This new creative workflow tool promises a friendlier way of directing projects, managing client feedback and achieving great results - and you can get 20 per cent off with Computer Arts
BitConfused? It's a great name for a company, and it's particularly apt because this Oklahoma City-based outfit are dedicated to taking the confusion out of the toe-curling process of getting feedback and approval from your clients. Their answer is an online app called Cage, which aims to provide a new way of collaborating with other creatives and clients.
To celebrate the official launch of Cage, BitConfused is offering Computer Arts readers a 20 per cent discount on all its pricing plans for the next 30 days. Simply click here and then on the Try it for free button at the top. When you choose your pricing plan enter computerarts into the discount/promo code box and the saving will be applied. Your first 14 days will be free, so you can make sure you like it before paying. After that prices start at $14/month for freelancers, and go up to $179/month for large agencies. The offer ends 9 September 2012.
Choosing the right creative workflow tool can be as confusing as working with client feedback such as 'use a different blue', 'are swans cool?', 'give it more pop' and that old favourite, 'make the logo bigger'. Competitors include Basecamp, ProWorkflow, Approval Manager, and many others. Not to mention those digital asset management packages out there. However Cage hopes to bring improved ease of use, along with a great look and feel.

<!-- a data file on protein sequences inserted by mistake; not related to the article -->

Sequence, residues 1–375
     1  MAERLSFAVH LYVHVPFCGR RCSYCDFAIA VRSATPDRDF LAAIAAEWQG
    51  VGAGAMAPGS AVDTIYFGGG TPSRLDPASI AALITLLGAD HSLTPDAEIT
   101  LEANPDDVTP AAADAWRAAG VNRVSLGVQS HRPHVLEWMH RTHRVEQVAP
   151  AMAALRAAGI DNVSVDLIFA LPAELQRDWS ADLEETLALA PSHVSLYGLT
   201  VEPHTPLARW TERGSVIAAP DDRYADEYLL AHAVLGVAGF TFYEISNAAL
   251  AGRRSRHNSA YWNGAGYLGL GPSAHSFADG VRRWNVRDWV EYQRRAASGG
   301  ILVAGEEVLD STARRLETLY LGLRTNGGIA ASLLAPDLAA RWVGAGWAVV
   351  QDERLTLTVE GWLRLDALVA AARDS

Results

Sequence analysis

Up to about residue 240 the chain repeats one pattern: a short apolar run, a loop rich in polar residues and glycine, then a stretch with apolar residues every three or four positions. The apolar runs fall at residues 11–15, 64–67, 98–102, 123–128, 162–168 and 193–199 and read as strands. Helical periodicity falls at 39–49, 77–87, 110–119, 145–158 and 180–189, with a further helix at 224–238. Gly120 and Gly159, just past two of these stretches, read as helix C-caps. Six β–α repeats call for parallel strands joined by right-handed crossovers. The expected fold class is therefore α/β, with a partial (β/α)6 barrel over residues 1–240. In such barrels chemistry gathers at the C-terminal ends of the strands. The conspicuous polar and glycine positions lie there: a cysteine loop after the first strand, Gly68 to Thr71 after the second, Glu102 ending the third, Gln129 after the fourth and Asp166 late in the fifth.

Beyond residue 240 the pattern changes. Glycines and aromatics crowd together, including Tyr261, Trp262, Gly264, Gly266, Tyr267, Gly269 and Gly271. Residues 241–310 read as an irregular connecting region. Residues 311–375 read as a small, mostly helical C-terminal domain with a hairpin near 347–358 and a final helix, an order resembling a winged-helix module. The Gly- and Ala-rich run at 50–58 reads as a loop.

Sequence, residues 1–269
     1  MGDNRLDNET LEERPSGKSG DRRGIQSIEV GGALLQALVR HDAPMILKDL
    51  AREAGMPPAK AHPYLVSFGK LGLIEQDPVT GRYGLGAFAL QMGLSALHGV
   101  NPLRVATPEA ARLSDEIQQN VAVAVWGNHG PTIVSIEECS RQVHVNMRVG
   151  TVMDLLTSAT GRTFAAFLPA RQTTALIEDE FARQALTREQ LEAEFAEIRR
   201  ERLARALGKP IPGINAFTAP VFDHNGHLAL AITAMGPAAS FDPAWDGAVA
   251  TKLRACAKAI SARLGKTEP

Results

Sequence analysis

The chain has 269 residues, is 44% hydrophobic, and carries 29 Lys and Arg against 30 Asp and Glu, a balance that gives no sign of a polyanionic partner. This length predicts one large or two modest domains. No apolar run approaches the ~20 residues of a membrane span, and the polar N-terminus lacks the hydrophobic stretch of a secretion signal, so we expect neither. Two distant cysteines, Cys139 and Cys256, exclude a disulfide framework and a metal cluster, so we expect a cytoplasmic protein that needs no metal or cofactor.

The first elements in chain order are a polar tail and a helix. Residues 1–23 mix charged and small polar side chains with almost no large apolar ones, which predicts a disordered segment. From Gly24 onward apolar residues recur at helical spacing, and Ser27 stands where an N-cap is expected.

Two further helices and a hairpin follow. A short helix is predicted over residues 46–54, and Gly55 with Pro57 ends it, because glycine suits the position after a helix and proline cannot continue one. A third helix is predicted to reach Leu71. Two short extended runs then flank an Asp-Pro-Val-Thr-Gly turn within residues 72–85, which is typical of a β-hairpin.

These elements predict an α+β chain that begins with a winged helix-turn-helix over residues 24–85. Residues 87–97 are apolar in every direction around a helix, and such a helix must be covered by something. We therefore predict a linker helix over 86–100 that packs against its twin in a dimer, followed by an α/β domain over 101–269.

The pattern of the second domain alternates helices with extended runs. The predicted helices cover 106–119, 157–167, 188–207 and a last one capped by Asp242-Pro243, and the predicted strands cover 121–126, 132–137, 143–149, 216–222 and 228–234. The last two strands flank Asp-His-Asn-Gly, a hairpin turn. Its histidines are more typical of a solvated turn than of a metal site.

And at first glance it is very visual. It looks a bit like a workflow solution combined with a social media environment, with users exchanging friendly notes in a manner similar to commenting on a Facebook status update, or photo upload. It all works within one online application - a creative director in Calgary can set tasks for a designer in Detroit, an illustrator in Inverness and a programmer in Prague. And, they can all be briefed without sending off separate emails.
Similarly clients can be brought into the process, posting their feedback and requesting amends on print jobs, website designs, mobile apps, 3D animation, motion graphics and more. They can even add notes to individual video frames. Previous versions of a project are archived in case you need to revert back to them, and all sorts of files are supported including a range of video formats as well as PSDs. Watch BitConfused's infommercial bellow and you'll get the idea...
From what we've seen so far, Cage is a tool that generates conversation about creative work - the kind you're more likely to get in a face-to-face meeting than via a fragmented string of emails to and from various stakeholders. It looks attractive, and might remind users a little bit of Facebook, which should help both clients and creatives feel at home using it.